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universal reception of the gospel, in consequence of the plentiful effusion of the influences of the Holy Spirit.

Much of the opposition which has been made to the doctrine of the glorious personal reign of Messiah on earth, is perhaps to be attributed to the too frequent neglect of the light shed upon Unfulfilled Prophecy, by the addresses of our Lord, and the writings of his apostles. By availing ourselves of the aid to be derived from a careful comparison of scripture with scripture, a more accurate conception may be obtained of the nature and peculiar blessings of that happy era.

There is, however, an intimate connection between the predictions of the Redeemer's Millennial reign and the promises given to Israel; and as those of the latter class are by many as little understood as those of the former, it

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be proper, before entering upon the consideration of that doctrine, first to point attention to some of the Scripture declarations concerning Abraham's race, classified under distinct heads. So completely blended indeed are these promises with all that is predicted of the Millennial age, as to render surprising the ignorance and unbelief displayed on this subject, by many not otherwise ignorant of the Scriptures.

SECTION II.

THE CONVERSION OF ISRAEL.

The distinguishing goodness of God has been illustriously displayed in his dealings with the children of Abraham. From the time when He appeared to the patriarch in “ Mesopotamia, before he dwelt in Charran,” down through the long lapse of ages which have since intervened, the history of this people beautifully exemplifies the doctrine of a special providence, and places in the most attractive light the longsuffering and sovereign mercy of God. It is a record of human depravity, displaying deep forgetfulness of the way in wbich they were continually led, and tells of their in. vincible ingratitude to God for bis abandant goodness and many wonderful interpositions in their favour, and in giving into their hands nations greater and stronger than they.

Throughout, it is one continued display of Heaven's love and man's rebellion--of the most signal manifestations of divine interference in their behalf, followed by the most criminal departure from their gracious Deliverer. In studying the annals of Israel, we see that although their perversity of disposition and untowardness of character often call forth the chastisements of Heaven, still the lovingkindness of the Lord is not withdrawn, and renewedly is his favour manifested towards them.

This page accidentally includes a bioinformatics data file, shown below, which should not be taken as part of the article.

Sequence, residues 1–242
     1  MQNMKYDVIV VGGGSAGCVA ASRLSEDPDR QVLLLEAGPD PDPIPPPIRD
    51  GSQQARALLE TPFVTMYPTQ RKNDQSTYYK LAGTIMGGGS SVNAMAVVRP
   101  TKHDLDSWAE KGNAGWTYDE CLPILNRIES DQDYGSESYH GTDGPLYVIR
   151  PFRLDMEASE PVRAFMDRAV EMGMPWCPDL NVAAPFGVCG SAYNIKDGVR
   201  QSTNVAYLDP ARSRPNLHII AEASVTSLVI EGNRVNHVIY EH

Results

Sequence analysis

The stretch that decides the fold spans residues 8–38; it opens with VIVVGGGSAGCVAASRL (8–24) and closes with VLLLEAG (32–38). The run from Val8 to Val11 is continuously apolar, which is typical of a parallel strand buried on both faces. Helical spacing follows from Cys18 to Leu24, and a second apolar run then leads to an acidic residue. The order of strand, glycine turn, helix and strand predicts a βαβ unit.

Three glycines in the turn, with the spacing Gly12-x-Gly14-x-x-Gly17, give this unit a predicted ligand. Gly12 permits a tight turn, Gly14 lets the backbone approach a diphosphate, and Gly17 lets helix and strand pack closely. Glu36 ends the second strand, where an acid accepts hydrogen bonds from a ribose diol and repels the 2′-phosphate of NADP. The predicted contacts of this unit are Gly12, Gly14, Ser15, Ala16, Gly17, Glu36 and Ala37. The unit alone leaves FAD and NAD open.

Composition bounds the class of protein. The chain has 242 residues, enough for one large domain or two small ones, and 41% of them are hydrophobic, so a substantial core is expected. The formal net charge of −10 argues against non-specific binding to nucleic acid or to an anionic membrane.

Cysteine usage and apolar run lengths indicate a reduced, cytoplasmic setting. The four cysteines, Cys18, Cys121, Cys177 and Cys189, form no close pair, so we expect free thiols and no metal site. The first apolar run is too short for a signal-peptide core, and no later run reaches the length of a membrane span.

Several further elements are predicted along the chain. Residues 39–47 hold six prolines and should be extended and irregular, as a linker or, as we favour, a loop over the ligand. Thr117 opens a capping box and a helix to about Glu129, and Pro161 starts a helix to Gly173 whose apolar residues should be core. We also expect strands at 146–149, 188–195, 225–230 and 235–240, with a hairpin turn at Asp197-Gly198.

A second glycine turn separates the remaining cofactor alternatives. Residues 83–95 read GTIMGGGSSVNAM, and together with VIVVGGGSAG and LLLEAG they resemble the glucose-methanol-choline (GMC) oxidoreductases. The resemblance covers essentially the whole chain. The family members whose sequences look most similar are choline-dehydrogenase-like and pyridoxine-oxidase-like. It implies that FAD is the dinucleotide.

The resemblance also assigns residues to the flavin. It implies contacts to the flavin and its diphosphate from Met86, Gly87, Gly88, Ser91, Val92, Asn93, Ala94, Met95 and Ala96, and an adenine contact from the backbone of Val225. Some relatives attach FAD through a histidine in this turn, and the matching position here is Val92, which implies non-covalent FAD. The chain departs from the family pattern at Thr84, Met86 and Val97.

If He takes vengeance on their devices, it is still in measure, and by his love he again woos them to himself. Various kinds and degrees of punishment have at different periods been meted out to them, for their awful apostasies from the living and true God; but their last and longest and most severe affliction has been that which followed their arrival at the summit of their rebellion, in the crucifixion of the Lord of glory, and which they still continue to endure. But even from the guilt of this, Prophecy declares, they will yet be cleansed - being washed in the blood they so wantonly. shed. Although, in His righteous displeasure, the Lord has long left them to wander in the vain imagination of their own hearts, he has not forsaken them altogether. They shall yet be converted and healed; they shall yet be restored to purity and peace, to holiness and happiness. Then shall

, they see and acknowledge the enormity of their sin, in having “ denied the Holy One and the Just,” and in haying s killed the Prince of life.” “I will cleanse them," says the Lord, “from all their iniquity, whereby they have sinned against me; and I will pardon all their iniquities, whereby they have sinned, and whereby they have transgressed against me." Jer. xxxiii. 8. 6 Neither will I hide my face any more from them; for I have poured out my Spirit upon the house of Israel, saith the Lord God.” Ezek. xxxix. 29. This conversion is, therefore, to be followed by no future apostasy; and accordingly it is said in the 22d verse, “So the house of Israel shall know that I am the Lord their God, from that day and forward.And I will give you the land of Israel; and they shall come thither, and they shall take away all the detestable things thereof, and all the abominations thereof, from thence. And I will give them one heart, and I will put a new spirit within you; and I will take the stony heart out of their :

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flesh, and will give them an heart of flesh; that they may walk in my statutes and keep mine ordinances, and do them; and they shall be my people, and I will be their God.” Ezek. xi. 17-20. « Then will I sprinkle clean water upon you, and shall be clean; from all your filthi·ness, and from all your idols will I cleanse you. A new heart also will I give you, and a new spirit will I put within you; and I will take away the stony heart out of your flesh, and I will give you an heart of flesh. And I will put my Spirit within you, and cause you to walk in my statutes, and ye shall keep my judgments and do them."* Ezek. xxxvi. 25–27.

This conversion of Israel is secured in covenant : hold, the days come, saitḥ the Lord, that I will make a new covenant with the house of Israel, and with the house of Judah. This shall be the covenant that I will make with the house of Israel; After those days, saith the Lord, I will put my law. in their inward parts, and write it in their hearts; and will be their God, and they shall be my people." Jer. xxxi. 31–33.

“ And they shall be my people, and I will be their God; and I will give them one heart, and one way, that they may fear me for ever, for the good of them and of their children after them. And I will make an everlasting covenant with them that I will not turn away from them, to do them good; but I will put my fear in their hearts, that they shall not depart from